Sanders to Trump: use defense contracts as leverage for Carrier jobs

November 26, 2016 6:08 PM EST

Former Democratic presidential candidate Senator Bernie Sanders (I-VT) speaks during a Capitol Hill rally to promote a people's agenda and a common commitment to stepping up grassroots mobilizations for economic and social justice and equality as the inco


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By Roberta Rampton

WEST PALM BEACH, Fla. (Reuters) - U.S. Senator Bernie Sanders turned up the pressure on President-elect Donald Trump on Saturday about his pledge to try to stop an Indiana air conditioner manufacturer from moving 1,400 jobs to Mexico.

Both Sanders, who challenged Hillary Clinton for the Democratic nomination, and Trump seized on an announcement earlier this year by United Technologies Corp's Carrier division that it would shift production to Mexico as an example of how trade deals hurt U.S. workers.

Sanders on Saturday warned "it is not good enough to save some of these jobs" and said Trump should use as leverage United Technologies' defense contracts, Export-Import Bank financing, and tax breaks.

"I call on Mr. Trump to make it clear to the CEO of United Technologies that if his firm wants to receive another defense contract from the taxpayers of this country, it must not move these plants to Mexico," the senator from Vermont said in a statement.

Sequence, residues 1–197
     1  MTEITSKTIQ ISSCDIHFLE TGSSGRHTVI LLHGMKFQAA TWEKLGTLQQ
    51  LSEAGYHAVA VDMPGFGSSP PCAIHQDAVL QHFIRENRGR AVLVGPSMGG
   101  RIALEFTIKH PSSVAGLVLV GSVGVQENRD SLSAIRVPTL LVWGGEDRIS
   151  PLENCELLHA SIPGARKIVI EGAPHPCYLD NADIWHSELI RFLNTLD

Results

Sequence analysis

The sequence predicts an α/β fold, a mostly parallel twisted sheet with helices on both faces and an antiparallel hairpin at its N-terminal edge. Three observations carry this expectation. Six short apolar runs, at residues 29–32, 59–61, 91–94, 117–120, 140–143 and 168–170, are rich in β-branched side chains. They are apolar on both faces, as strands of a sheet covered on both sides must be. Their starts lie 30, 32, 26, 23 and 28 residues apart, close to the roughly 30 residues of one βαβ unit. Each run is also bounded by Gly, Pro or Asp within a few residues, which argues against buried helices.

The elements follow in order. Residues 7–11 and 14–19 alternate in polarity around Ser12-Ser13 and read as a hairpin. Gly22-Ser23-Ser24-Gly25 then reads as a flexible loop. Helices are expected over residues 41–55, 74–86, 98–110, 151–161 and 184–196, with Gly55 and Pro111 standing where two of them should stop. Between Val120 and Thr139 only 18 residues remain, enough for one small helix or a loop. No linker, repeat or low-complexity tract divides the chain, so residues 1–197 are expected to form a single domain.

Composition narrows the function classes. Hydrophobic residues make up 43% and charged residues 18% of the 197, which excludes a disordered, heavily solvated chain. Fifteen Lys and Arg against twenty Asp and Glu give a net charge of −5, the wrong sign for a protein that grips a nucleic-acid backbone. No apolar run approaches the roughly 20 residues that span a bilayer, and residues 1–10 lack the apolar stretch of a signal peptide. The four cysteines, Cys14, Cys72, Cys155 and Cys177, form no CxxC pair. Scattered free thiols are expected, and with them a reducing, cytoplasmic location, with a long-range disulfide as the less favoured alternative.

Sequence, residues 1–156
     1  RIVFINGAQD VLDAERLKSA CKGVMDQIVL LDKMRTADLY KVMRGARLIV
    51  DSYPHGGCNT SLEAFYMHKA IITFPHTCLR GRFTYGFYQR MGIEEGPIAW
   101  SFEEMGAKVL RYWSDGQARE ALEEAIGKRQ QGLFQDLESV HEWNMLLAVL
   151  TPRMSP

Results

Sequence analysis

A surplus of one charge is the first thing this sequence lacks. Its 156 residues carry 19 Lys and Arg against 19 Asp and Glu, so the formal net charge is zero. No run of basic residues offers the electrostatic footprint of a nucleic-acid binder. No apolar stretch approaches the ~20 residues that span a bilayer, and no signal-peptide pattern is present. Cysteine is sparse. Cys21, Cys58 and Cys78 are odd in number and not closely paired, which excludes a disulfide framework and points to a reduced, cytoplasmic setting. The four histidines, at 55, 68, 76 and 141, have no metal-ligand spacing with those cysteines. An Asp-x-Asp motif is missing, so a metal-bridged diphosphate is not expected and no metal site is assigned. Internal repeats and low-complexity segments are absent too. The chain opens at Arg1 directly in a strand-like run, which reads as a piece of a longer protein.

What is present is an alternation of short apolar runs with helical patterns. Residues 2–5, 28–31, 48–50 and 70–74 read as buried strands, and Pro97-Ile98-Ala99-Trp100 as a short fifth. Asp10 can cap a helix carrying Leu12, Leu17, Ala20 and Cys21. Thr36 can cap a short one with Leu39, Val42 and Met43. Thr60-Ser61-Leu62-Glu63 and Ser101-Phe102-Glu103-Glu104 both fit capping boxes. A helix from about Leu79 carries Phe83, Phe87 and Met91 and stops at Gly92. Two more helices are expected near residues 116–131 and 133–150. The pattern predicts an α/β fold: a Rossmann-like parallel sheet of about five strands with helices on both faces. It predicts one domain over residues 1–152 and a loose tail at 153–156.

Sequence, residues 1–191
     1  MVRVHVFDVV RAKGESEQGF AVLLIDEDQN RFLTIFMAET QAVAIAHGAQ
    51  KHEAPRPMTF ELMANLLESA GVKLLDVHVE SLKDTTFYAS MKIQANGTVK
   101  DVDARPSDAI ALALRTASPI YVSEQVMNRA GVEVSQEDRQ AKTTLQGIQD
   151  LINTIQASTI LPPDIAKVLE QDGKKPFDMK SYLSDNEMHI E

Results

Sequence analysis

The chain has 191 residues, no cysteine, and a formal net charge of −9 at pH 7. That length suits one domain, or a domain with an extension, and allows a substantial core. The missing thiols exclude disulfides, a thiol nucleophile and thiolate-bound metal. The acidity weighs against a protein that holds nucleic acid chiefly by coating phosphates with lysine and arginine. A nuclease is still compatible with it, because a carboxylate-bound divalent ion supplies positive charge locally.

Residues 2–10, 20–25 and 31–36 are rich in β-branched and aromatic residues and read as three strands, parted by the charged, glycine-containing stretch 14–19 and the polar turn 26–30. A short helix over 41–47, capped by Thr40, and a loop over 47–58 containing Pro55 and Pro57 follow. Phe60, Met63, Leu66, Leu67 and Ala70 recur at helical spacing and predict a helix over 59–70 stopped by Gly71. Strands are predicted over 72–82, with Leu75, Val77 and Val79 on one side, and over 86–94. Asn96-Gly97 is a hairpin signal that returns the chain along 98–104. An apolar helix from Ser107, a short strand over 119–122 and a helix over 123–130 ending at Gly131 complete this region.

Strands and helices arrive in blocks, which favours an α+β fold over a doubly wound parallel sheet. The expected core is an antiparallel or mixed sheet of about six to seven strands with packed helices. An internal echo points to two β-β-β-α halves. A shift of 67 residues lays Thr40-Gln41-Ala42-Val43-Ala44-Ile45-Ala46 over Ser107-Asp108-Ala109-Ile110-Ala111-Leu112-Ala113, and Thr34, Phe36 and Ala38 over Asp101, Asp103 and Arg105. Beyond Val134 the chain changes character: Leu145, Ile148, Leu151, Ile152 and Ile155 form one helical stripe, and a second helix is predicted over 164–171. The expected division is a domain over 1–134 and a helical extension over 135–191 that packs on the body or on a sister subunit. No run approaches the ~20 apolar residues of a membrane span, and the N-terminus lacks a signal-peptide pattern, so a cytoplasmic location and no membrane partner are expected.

A representative for Carrier declined to comment on Sanders' statement.

Trump, who takes office on Jan. 20, said on Thursday that he was "working hard, even on Thanksgiving" to get the plant to stay and said he was "making progress" on the issue. Carrier Corp. confirmed it had "discussions with the incoming administration." Neither side has provided details.

Trump had threatened to slap taxes on the company's air conditioners made in Mexico and shipped back to the United States. A spokesman was not immediately available for comment on Sanders' statement on Saturday.

Sanders said he would soon introduce legislation that would prevent companies that outsource from receiving federal contracts, grants and loans, and force companies that outsource jobs to pay a penalty tax and pay back tax breaks.

(Additional reporting by Nick Carey in Chicago; Editing by Jonathan Oatis)



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